ACTED Global Uncategorized

Innovative solutions for energy access, a lever for development

Like water, food, health, education and housing, access to energy is a vital human need. Energy allows us to heat and light our homes, to produce and preserve food or medicines, to travel and to guarantee our safety.

Today, more than 1.3 billion people in the world are without electricity. Knowing that access to energy is a path towards progress and development, ACTED works to provide access to reliable, affordable and sustainable energy to the world’s most vulnerable and disadvantaged populations.

How can we guarantee access to energy for all while preserving the planet? As part of its strategic programme, "Zero Exclusion, Zero Carbon, Zero Poverty," ACTED promotes eco-efficient, low-carbon and human development solutions through renewable energy.

Uganda: working towards energy security, food security and climate resilience

ACTED and its Ugandan partners Dream Shuttle and Mandulis Energy have a common objective: to help farmers feed and provide energy to the people of Uganda, while respecting the environment. This is the triple objective of their REPARLE project: energy security, food security and climate resilience.

In Uganda, 75% of the population works in the agricultural sector, which accounts for 37% of the country’s GDP. Yet farmers struggle to access affordable and quality agro-industrial equipment. 95% of rural communities are still not connected to the electricity grid. And while energy access remains low, CO2 emissions have increased by 350% since 1990, largely due to the use of diesel and heavy fuel oil. Furthermore, 85% of rural families use charcoal (up to 168 kg per year per person).

This lack of access to clean energy is having an alarming environmental impact. Uganda has already lost a third of its national forest cover since 1990. If nothing is done, the forest could be completely decimated by 2050.

Transforming agricultural practices

REPARLE supports rural communities in Uganda by providing them with access to affordable agro-industrial resources and clean energy. The project partners provide farmers with the training and tools they need to increase their productivity.

What is the REPARLE solution? To give a second life to agricultural waste, biomass converted into clean electricity by gasification. This technique allows farms outside of the electricity grid to have access to power at a price significantly lower than the market price.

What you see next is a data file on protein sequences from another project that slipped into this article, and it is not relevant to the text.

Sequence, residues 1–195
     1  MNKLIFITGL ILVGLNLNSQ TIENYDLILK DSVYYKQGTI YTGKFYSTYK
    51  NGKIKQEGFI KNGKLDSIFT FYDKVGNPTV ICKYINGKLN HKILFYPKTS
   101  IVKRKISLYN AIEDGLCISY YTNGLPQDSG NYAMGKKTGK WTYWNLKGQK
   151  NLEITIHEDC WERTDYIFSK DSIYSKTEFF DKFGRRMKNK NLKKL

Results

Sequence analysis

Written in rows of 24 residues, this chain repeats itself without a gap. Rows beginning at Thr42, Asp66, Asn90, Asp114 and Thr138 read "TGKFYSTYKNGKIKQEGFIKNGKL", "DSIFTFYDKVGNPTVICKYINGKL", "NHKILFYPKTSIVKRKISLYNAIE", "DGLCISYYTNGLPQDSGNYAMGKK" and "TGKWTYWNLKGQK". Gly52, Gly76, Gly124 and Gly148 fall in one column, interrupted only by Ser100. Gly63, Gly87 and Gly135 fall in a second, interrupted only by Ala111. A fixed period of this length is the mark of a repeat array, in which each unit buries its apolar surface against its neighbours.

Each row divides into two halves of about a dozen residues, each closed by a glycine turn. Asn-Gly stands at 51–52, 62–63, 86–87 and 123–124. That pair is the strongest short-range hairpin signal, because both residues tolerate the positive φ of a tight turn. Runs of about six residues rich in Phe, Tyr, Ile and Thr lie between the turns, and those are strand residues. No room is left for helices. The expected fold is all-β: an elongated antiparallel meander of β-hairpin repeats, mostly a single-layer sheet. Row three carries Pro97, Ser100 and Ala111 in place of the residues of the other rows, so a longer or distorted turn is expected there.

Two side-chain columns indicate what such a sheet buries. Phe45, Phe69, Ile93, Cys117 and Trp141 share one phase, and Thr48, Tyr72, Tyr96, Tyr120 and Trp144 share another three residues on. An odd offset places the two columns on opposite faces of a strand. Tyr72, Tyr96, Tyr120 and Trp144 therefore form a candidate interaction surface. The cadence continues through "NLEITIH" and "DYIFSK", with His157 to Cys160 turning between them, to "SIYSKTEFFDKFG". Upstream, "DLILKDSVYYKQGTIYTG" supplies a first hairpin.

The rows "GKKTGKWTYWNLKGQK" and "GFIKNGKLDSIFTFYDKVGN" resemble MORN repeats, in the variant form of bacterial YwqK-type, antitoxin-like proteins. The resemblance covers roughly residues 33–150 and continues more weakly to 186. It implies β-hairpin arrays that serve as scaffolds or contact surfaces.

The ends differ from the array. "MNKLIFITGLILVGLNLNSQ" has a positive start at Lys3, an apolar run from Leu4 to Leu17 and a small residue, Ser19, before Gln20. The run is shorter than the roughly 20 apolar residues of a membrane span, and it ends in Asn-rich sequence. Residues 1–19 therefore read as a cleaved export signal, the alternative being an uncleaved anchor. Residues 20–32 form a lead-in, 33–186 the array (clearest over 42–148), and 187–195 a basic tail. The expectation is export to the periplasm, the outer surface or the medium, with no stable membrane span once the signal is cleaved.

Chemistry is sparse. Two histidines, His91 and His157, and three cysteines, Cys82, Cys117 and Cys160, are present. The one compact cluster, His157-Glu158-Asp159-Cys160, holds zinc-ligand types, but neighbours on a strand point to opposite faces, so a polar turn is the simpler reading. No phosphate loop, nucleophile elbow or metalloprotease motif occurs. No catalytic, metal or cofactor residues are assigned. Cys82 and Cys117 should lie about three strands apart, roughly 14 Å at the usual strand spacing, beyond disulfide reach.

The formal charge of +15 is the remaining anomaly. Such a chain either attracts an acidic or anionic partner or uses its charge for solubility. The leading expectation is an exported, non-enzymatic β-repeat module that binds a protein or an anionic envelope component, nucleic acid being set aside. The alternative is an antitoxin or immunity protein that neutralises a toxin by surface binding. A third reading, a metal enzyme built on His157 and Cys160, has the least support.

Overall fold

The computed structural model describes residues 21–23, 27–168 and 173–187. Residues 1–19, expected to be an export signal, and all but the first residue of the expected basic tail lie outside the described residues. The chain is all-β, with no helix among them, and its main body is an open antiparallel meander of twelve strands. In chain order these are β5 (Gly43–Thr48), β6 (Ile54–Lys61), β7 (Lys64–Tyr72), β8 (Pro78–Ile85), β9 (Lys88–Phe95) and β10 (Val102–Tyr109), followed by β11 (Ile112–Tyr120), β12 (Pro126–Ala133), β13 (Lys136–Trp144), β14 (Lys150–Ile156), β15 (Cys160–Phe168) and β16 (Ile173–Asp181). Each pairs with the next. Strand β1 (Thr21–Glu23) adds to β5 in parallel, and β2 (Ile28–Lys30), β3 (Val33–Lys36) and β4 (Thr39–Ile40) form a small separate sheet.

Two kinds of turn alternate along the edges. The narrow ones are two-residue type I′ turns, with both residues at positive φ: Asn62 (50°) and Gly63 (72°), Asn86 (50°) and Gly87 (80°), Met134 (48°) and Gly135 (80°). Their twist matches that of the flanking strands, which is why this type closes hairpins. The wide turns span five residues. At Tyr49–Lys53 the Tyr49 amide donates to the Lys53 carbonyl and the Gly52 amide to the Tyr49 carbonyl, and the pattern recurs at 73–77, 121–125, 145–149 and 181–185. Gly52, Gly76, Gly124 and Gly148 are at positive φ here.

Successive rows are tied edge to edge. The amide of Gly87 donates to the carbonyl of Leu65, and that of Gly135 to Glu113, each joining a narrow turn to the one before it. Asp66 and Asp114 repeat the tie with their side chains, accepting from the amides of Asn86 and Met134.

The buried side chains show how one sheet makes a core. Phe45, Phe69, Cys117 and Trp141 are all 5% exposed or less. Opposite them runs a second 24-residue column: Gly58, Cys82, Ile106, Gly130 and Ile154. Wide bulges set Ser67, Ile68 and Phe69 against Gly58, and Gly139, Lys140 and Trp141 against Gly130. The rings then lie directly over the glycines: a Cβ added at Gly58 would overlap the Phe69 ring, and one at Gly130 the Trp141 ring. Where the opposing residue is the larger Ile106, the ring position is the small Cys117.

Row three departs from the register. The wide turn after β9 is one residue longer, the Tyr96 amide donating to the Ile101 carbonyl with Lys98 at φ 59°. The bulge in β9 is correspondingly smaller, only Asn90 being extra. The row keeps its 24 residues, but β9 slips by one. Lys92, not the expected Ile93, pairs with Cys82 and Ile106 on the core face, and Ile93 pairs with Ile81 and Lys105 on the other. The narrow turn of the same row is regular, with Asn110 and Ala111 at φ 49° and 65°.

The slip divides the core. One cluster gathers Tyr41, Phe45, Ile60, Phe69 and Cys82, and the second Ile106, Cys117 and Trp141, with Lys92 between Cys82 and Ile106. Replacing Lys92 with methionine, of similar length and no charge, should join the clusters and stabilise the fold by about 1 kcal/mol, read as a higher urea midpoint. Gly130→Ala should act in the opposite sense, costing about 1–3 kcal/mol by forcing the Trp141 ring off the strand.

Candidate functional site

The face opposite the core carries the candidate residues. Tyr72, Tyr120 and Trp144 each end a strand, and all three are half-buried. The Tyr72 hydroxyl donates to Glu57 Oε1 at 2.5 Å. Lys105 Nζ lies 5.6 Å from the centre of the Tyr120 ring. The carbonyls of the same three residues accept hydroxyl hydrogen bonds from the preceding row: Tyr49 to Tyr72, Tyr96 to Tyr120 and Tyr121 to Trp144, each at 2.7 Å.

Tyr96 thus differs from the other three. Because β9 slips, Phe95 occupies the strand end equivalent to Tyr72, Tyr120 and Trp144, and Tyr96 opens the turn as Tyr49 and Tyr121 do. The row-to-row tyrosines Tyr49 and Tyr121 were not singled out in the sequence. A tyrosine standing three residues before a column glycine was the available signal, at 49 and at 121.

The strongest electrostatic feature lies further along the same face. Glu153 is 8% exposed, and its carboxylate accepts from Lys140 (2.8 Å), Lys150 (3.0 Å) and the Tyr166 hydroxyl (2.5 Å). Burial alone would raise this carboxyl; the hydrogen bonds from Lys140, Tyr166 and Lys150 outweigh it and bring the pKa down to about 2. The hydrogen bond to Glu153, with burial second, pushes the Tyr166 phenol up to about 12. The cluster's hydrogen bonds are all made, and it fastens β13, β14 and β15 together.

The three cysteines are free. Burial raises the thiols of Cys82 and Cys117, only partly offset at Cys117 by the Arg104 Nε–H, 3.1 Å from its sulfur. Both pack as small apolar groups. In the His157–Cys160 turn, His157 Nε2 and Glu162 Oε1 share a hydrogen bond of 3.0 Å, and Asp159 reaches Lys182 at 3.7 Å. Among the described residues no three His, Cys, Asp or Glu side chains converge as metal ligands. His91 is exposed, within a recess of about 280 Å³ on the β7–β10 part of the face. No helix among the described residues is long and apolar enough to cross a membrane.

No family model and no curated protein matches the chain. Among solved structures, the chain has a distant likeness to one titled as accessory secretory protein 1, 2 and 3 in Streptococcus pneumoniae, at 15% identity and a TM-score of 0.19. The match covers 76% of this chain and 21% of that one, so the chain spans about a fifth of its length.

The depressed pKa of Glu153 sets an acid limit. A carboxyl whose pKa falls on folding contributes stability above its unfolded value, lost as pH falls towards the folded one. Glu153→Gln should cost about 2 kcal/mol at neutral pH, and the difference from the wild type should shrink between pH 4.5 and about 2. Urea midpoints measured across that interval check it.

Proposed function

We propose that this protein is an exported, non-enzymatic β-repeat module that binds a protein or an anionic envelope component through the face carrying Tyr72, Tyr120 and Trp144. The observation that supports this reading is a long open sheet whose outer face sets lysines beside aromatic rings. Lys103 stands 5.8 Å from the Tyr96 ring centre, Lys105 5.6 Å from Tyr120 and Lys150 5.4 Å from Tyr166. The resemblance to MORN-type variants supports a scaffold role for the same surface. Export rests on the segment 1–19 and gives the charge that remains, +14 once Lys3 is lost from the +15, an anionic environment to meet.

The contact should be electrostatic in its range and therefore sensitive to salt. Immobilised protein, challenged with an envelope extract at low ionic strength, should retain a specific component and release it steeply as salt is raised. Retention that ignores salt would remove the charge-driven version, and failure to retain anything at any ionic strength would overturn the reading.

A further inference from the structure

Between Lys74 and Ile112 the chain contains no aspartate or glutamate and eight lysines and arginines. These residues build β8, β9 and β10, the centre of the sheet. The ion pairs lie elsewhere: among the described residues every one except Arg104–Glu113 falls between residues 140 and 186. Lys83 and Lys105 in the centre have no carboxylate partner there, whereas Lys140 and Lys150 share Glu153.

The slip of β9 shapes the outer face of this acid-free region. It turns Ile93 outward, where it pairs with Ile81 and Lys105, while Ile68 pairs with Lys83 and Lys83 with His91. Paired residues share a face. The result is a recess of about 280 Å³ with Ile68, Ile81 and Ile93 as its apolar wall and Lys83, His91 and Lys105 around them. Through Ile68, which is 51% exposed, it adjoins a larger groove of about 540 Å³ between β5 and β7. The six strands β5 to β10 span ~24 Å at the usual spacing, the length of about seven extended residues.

Biomass presents an integrated solution to ensuring energy security while ensuring food security and climate resilience. It is about contributing to economic development and poverty reduction.

Harmonising Solar Energy with Social Inclusion

For the first time in Pakistan, women are breaking into the traditionally male-dominated solar energy sector.

History of Solar Energy Pioneers in Pakistan

For the inhabitants of Multan district in Pakistan, severe electricity shortages make up one aspect of their wider socio-economic vulnerability. Given the immense potential for solar energy in the region and the lack of qualified solar technicians, ACTED and the Asian Development Bank launched a training programme for solar technology aimed at women, until now significantly under represented within the sector.

54 women have thus far graduated from the course and are already engaged in the installation of solar panels in four of Multan’s schools. Today, 18 of the 54 have also gone on to employment within the sector.

75% of the female technicians reported feeling a greater sense of confidence through participating in the project, and as being better informed of their rights. Over 50% of them also felt a heightened status within their families and their wider communities.

Solar energy : A solution to help the most vulnerable in times of crisis

Since the beginning of the Syrian Crisis in 2012, ACTED has worked to ensure access to water for the most vulnerable. The combination of a legacy of neglect and conflict have severely reduced the capacity of public aqueducts in certain regions to a point which means water trucking is the only way to meet the need. An expensive and short term approach which now affects countless communities.

In 2018, ACTED chose to invest in the rehabilitation and solarisation of water infrastructure, as a long-term, sustainable and low cost solution to the supply challenge.

Although ACTED’s concentrates its efforts in responding to humanitarian emergencies, the organisation endeavors to develop and encourage clean energy technologies which are both locally managed and sustainable. Despite the many practical difficulties with implementing such an approach in a conflict zone, the benefits are significant: Thanks to solar energy, the quantity of available water is over 24m3 per day, with installations lasting up to 25 years.

 

 

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